20 Years Later: Getting a Better Handle On Sustainable Packaging

Just in time for Earth Day and following a three year hiatus, The ULS (Use Less Stuff) Report has published an in-depth analysis of packaging and the environment. Entitled Packaging Myths & Mantras, the newsletter examines some of our most pressing concerns involving packaging, material consumption, energy use, and greenhouse gas generation.

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Louisville, CO (PRWEB) March 12, 2014

Just in time for Earth Day and following a three year hiatus, The ULS (Use Less Stuff) Report has published an in-depth analysis of packaging and the environment. Entitled Packaging Myths & Mantras, the newsletter examines some of our most pressing concerns involving packaging, material consumption, energy use, and greenhouse gas generation. It starts by discussing what has changed since its authors made headlines with a ground-breaking New York Times Op-Ed piece in January, 1995, entitled Six Enviro-Myths.

The current issue focuses on three of the public’s largest packaging concerns: Waste heading to landfills, plastics and the environment, and the belief that we’ve done about all we can do to increase the recovery rate of used packaging. According to ULS Editor Bob Lilienfeld, “We finally have good research from a variety of respected resources that can help us better understand the true impacts of packaging and how to continue using less and recovering more of it.” He added that, “Many of our conclusions are going to surprise you. Some of them surprised us, as well.”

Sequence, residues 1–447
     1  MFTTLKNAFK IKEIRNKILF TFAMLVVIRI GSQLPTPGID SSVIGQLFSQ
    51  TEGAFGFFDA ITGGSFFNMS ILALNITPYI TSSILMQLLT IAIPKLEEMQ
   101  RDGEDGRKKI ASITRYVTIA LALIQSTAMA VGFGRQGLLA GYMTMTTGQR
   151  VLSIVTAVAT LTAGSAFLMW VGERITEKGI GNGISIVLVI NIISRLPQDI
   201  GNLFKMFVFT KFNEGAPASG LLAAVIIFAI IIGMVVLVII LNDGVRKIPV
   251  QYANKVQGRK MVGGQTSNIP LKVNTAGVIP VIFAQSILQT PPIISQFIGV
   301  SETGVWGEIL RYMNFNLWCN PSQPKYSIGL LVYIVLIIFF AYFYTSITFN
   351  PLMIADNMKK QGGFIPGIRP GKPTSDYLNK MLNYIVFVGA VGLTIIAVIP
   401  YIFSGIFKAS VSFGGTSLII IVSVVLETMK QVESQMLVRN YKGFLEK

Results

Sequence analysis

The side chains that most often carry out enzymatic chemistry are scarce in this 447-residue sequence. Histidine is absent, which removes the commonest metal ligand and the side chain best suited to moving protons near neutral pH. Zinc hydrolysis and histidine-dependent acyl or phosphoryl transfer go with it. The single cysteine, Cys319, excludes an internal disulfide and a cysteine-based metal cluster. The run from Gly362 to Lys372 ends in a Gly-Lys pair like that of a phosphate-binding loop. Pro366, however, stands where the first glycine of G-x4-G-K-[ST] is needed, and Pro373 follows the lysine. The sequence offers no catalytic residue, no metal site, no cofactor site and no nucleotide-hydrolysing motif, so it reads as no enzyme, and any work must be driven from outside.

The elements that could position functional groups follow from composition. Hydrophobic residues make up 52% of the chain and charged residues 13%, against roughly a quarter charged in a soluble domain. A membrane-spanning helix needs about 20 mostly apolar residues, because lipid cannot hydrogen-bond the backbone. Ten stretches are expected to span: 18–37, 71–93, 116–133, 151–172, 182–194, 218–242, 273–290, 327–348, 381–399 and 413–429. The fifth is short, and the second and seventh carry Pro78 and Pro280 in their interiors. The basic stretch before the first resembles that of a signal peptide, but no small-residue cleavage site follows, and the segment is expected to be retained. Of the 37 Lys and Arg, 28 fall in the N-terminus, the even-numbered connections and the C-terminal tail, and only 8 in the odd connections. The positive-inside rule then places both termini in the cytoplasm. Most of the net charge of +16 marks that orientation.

When asked about the 36 months between newsletters, Mr. Lilienfeld stated that, “Until all of this research came along, we really didn’t have anything new to publish. Now that there’s some hard data available, it’s time to apply it and keep improving our ability to reduce, reuse and recycle.”

The ULS Report helps people use less stuff by conserving resources and reducing waste. Published since 1994, it is ranked as the web’s number one waste prevention resource by Google, Yahoo and MSN. The full newsletter archive is available at http://www.use-less-stuff.com.


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